Monday, April 29, 2013

What I Learned From the James Joyce Ramble

When I started this blog, I said I wasn’t going to post excruciatingly detailed, self-congratulatory recaps of every race I run. I race often, for starters. I also do a lot of small local races, so those of you outside Greater Boston may not care. Finally, I loathe few things more than the “yay, look at me!” tone that so many race recaps take. (If I ever pose for one of those “smiling with my friends as we wear our bibs and get ready for the big race!!!” photos, you have my permission to find me and kick me in the shins.)

That said, the typical introspection that followed every race -- in this case, the most recent James Joyce Ramble -- compelled me to share a couple lessons that are worth (re)learning.

Runner, know thyself. I got boxed in at the start, crossing the mat a good 40 seconds after the gong went off. (Yes, gong. The James Joyce Ramble promotes a mission of peace, so there’s no starter’s gun.) I was stuck for a good half-mile, and it threw me off. I was behind the guy juggling while he ran, for cryin’ out loud.

At first, I was mad at all the people who, in my mind, treated the event as a Sunday morning stroll instead of a serious 10K they intended to PR. It wasn’t until I saw the race results -- I finished 80th out of 1,948 -- that I realized it was my own damn fault. Why the hell did I lollygag in the middle instead of pushing my way to the front where, frankly, I belonged?

Every race needs a plan. Whether you’re running for fun, to represent a charity or to push further than ever before, you need to be prepared. Even if you eat the right breakfast, snag the right parking spot, hit the Porta-Potty at the right time and get in the right mental mindset, it can all fall to hell if you’re standing in the wrong damn spot.

Dress the part. I wore a wicking shirt and shorts. My shirt is from the 2009 Reach the Beach (New Hampshire)  relay, and every time I wear it I encounter at least one person who has done RTB and thought it was awesome. (It was.)

That said, I was hot. I’d checked the temperature the night before but hadn’t heeded the conditions. I knew it’d be warm -- high 60s -- but hadn’t realized it would be so sunny. After about two miles, I envied everyone in a tank top and questioned the sanity of anyone in a long sleeve shirt and/or pants. (At least I remembered sunscreen.)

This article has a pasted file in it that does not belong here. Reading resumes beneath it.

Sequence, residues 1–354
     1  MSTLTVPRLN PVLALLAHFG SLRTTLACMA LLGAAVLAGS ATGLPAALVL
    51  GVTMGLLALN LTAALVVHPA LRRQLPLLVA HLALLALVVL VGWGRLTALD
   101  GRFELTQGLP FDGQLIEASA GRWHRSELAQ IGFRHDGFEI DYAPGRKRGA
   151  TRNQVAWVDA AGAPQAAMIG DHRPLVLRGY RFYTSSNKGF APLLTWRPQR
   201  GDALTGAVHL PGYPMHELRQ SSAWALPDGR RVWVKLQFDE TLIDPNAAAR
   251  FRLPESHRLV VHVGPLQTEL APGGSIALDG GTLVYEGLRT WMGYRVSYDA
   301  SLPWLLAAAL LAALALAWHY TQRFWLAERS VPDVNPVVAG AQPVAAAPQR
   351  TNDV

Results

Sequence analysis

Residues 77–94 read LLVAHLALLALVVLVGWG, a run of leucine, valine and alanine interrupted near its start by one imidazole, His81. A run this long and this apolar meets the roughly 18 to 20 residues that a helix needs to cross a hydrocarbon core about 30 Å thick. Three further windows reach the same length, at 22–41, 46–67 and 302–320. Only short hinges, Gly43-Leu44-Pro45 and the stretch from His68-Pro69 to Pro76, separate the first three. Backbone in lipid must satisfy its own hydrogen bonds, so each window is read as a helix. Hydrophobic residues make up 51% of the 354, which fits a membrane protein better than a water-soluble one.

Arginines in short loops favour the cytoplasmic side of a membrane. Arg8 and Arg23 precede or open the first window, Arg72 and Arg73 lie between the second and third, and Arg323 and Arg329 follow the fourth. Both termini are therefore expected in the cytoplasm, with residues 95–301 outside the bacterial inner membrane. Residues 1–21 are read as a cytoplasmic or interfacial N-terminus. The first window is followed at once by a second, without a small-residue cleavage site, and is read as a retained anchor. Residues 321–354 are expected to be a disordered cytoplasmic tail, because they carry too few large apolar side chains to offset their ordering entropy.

The general rule of thumb for any run, and especially a race, is to dress as though it’s 15 to 20 degrees warmer than it actually is. I don’t often abide by this rule on winter training runs, because my thermoregulatory system hates me and I get cold almost instantly, but I relearned this weekend that I need to be careful now that spring is here.

Cheer up. My goal was breaking 40 minutes (6:27 pace). I finished in 41:12 (6:38 pace). Even though it was my 10K PR, and even though my body never got accustomed to the heat, and even though I recovered nicely from the slow-ish first mile, I was still disappointed.

Then I saw a friend cross the line right in front of his wife and daughters. I saw the masters’ division runners file into the finish. I saw the juggler finish, form intact. I saw a guy in a pink skirt finish. I saw the iced coffee tent, and the beer tent, and the food tent, and the cloudless sky, and I realized I should stop being a brat. 

Above all, this weekend I discovered that you’re never too old, or too experienced, to learn a thing or two (or three, I suppose) from a road race. I also discovered that race recaps aren’t that invaluable after all. Next time I have lessons that seem worth sharing, I won’t be shy -- even if I will forever be shy in front of the camera, especially while wearing short running shorts.